By: Judson M. Stein
With the passage of the ATRA providing certainty as to the future “permanency” of the federal $5MM estate tax exemption amount, many high net worth individuals will be less concerned with estate tax planning and will be more concerned with income tax planning. Whether traditional credit shelter trust planning is still proper for individual or married taxpayers will depend on various factors including asset protection, trust income tax rates, desire to shelter appreciation from estate tax, willingness to pay practitioners for trust planning, etc. However, for those clients that decide to utilize irrevocable trust planning during their lifetimes and not rely entirely on portability, practitioners should consider drafting trusts to provide flexibility to account for potential changes to the estate tax laws and to allow for an income tax step-up in basis, if advisable.
An option known as the “Delaware Tax Trap,” (DTT) which, prior under the historically lower estate tax exemptions typically was to be avoided, now can provide flexibility in bypass trust planning. Using this potential tool, it is possible for property subject to a limited power of appointment to be included in the power holder’s gross estate at death, resulting in an income tax step-up in basis, if preservation of the estate tax exemption is not necessary. The DTT allows the surviving spouse to wait until soon before their death to decide whether to trigger estate tax inclusion or not by providing for the exercise of the power of appointment in a Will or codicil.
The rule states that a limited power of appointment will cause the subjected property to be included in the power holder’s gross estate at death (by converting the power to a general power of appointment) if the power is exercised to create another power of appointment which, under the applicable local law, can be validly exercised so as to postpone the vesting of any estate or interest in such property, or suspend the absolute ownership or power of alienation of such property, for a period ascertainable without regard to the date of the creation of the first power. (§§2041(a)(3), 2514(d)).
These provisions, enacted under the local law of most states, were designed to prevent the holders of limited powers in trusts to avoid the limited time frame that a trust may be in existence under the rule against perpetuities. Now many states have either greatly extended the rule against perpetuities period or have abolished it entirely.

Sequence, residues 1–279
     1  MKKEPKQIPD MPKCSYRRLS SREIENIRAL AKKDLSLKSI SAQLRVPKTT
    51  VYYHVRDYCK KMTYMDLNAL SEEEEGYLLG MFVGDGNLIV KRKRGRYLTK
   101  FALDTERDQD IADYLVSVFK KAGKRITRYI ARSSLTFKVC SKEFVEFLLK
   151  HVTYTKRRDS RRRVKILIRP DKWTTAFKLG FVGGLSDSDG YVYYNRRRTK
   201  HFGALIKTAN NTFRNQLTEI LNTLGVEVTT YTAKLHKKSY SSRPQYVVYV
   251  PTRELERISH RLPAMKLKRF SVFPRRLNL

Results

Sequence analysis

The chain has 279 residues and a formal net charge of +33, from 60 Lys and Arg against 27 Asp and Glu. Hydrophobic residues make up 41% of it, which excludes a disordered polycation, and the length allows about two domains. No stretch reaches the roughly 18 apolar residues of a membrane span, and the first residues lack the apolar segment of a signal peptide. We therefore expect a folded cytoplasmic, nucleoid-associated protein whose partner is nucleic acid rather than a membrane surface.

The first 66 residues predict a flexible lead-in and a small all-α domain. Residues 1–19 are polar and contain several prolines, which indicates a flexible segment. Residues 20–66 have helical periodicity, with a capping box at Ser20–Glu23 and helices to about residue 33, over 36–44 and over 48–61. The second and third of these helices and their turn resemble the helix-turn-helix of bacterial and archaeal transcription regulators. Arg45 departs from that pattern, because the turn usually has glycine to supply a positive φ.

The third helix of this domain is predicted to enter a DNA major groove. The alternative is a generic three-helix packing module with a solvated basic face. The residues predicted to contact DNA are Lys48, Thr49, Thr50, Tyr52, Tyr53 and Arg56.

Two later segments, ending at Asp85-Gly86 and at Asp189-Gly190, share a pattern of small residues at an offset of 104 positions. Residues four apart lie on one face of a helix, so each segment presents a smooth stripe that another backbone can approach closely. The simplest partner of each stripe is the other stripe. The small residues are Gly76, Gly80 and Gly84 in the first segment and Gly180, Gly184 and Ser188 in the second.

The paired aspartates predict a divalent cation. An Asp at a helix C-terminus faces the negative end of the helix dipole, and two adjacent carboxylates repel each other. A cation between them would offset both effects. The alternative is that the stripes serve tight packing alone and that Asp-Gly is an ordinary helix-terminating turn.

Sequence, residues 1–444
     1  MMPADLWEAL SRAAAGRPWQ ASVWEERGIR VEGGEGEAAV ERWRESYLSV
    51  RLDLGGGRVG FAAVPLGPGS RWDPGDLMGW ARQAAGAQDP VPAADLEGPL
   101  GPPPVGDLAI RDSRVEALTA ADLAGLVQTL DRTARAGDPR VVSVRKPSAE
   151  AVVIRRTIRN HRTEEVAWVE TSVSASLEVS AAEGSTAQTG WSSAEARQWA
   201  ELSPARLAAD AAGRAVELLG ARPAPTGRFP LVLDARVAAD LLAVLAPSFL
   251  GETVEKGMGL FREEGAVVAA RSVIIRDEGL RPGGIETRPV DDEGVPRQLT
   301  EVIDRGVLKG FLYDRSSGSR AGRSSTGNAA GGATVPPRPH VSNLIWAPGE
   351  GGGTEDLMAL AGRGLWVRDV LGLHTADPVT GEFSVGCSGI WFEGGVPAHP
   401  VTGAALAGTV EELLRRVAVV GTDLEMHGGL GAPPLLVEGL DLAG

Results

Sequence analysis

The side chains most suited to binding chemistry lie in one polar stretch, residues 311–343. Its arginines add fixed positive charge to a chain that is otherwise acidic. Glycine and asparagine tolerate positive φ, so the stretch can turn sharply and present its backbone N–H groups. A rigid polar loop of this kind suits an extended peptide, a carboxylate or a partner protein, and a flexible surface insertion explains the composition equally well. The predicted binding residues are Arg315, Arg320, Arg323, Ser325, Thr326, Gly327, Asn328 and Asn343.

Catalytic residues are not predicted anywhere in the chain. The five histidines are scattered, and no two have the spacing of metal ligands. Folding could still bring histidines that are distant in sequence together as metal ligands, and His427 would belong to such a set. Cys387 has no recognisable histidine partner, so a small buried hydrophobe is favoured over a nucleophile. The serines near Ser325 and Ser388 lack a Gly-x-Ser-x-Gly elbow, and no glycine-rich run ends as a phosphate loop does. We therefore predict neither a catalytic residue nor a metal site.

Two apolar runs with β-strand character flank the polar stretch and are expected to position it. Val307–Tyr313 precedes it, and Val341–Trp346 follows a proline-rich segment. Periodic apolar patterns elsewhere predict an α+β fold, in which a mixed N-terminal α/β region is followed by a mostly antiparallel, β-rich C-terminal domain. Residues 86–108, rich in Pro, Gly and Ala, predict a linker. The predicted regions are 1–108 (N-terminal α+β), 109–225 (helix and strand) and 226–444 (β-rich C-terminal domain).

One can also draft a formula contingent general power of appointment to cause estate tax inclusion to the extent that such inclusion would not cause any estate tax to be imposed on survivor’s estate. A court could argue, however, that the creation of the power is within the control of the surviving spouse, who has the power to generate it by spending down his or her estate. A court will analyze the issue of act of independent significance to decide upon whether the power of appointment is in the control of the beneficiary to determine whether or not he or she will ultimately receive the power. If the surviving spouse beneficiary ultimately loses on this argument, then the surviving spouse will be treated as having a general power over the entire non-marital trust, regardless of the size of his or her estate. There is no bright line test as to what constitutes an act of truly independent significance that can be used to generate a power of appointment.
As an alternative, one may have an independent trustee or trust protector with authority to grant the surviving spouse a general power of appointment. The release of this power may have adverse tax consequences, however, because the release of a power is a taxable transfer itself.